R Libraries

The version of R that Microsoft installs is a little different than the open source version of R because it contains additional functionality not present in standard R while still supporting all of the standard R functionality.  The version of R contains a number of different libraries which are designed to support larger datasets byt proving the capability to chunk the processing of code in R to run data in and out of memory which is called chunking.  In the open source version of R, if the data and code consumes more than the available memory, the process will quit.  Microsoft has included a number of different libraries, which all start with the letters rx which are specifically designed to improve the performance of R and one of those capabilities is the ability to cache items in and out of memory.  If you chose not to use any of the rx functions provided, R will use the same features on SQL Server as it would be running a standalone version of R.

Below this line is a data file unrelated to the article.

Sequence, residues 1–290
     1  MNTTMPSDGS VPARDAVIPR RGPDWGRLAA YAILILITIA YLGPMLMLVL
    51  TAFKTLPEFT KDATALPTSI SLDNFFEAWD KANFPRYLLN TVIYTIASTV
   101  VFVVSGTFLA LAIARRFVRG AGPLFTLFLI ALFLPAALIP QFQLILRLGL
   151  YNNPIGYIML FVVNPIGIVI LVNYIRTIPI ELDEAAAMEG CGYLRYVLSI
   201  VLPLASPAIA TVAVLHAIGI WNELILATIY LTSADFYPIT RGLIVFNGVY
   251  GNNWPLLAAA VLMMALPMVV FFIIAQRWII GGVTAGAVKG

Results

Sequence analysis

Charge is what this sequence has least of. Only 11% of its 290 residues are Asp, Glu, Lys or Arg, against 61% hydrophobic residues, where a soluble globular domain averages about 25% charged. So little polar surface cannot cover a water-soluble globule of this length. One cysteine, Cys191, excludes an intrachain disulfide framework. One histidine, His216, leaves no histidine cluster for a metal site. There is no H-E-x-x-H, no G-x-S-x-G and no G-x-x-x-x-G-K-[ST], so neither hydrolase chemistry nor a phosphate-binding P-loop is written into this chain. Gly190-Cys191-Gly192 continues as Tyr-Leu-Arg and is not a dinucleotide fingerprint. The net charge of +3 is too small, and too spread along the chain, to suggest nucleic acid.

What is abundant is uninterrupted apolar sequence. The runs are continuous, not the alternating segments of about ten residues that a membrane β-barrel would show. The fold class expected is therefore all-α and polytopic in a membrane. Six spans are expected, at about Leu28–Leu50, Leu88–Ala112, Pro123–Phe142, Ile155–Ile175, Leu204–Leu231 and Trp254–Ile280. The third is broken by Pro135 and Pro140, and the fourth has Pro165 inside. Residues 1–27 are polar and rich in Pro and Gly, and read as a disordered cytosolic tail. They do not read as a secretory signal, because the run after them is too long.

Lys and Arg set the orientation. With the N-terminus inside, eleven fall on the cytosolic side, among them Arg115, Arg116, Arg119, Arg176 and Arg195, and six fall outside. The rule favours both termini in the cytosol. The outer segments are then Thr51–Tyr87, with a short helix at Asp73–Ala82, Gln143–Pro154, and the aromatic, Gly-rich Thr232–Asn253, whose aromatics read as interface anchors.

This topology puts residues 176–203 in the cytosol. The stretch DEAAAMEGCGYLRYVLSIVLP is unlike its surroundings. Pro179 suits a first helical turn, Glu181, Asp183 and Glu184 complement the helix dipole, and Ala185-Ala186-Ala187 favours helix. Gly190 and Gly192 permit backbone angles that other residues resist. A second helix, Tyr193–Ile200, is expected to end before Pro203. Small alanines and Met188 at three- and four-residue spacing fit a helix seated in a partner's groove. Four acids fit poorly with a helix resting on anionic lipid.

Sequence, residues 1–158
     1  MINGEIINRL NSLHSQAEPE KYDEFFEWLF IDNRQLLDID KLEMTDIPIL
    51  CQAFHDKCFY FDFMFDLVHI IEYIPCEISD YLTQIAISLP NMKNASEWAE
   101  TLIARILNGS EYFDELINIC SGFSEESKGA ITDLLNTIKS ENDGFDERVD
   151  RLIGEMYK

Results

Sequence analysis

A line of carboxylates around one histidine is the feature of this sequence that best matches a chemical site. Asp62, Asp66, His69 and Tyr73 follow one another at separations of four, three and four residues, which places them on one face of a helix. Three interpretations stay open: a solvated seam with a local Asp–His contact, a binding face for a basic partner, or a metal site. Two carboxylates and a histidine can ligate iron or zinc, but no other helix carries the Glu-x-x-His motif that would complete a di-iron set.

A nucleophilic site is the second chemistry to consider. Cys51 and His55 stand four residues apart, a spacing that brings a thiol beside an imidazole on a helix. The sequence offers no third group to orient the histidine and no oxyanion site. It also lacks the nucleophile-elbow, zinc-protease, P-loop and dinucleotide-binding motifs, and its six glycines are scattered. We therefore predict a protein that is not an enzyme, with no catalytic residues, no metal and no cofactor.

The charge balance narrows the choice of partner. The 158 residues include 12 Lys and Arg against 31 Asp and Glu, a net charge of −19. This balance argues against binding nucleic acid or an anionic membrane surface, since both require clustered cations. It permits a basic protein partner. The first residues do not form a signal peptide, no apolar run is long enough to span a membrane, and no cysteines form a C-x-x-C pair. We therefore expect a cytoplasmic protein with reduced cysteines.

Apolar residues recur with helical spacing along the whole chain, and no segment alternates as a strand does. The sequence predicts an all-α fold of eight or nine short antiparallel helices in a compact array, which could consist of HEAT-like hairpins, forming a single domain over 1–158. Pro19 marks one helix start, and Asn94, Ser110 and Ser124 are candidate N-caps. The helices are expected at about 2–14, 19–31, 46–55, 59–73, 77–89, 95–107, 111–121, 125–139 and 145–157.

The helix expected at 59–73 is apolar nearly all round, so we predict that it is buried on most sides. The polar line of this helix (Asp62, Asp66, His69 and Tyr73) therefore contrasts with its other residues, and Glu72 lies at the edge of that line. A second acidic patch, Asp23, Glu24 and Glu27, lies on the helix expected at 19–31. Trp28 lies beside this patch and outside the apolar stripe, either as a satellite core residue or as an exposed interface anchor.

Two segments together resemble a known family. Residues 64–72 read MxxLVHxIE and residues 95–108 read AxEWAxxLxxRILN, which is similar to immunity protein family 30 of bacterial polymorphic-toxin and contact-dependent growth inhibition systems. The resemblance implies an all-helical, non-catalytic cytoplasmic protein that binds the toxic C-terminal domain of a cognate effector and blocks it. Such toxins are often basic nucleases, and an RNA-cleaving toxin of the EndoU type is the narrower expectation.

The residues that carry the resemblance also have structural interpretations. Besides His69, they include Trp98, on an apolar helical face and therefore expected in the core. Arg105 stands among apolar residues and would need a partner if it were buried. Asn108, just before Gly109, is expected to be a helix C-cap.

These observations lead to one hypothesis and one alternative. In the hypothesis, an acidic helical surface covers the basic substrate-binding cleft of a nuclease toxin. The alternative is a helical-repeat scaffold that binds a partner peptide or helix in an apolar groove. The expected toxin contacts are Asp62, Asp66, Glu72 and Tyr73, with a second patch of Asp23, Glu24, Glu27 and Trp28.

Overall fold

The python implementation within SQL Server includes a license of the very popular data science Anaconda libraries from Continuum Analytics, which includes sci-kit learn and Pandas, providing a rich set of libraries without needing to install any additional libraries.  The package that Microsoft wrote for Machine Learning Services is called, microsoftml, and this package contains a collection of Python functions used in machine learning solution.  These functions designed to contain libraries needed for training, algorithm selection and scoring.  While it is certainly possible to perform this kind of analysis with other packages, these packages can supplement others found included in the SQL Server Machine Learning Server Anaconda distribution, primarily those in sci-kit learn which include things like linear regression and decision trees.


Machine Learning Server, which is installed with part of SQL Server 2017, provides the capability for SQL Server to execute R or Python from within SQL Server to run code on the server using the compute context capabilities and provides specialized libraries created by Microsoft for R and Python to support writing Machine Learning code in both languages. In the next part of the series we will take an in-depth look at R and the extra capabilities provided with Machine Learning Services.


This article is part of the Stairway to Machine Learning Services Stairway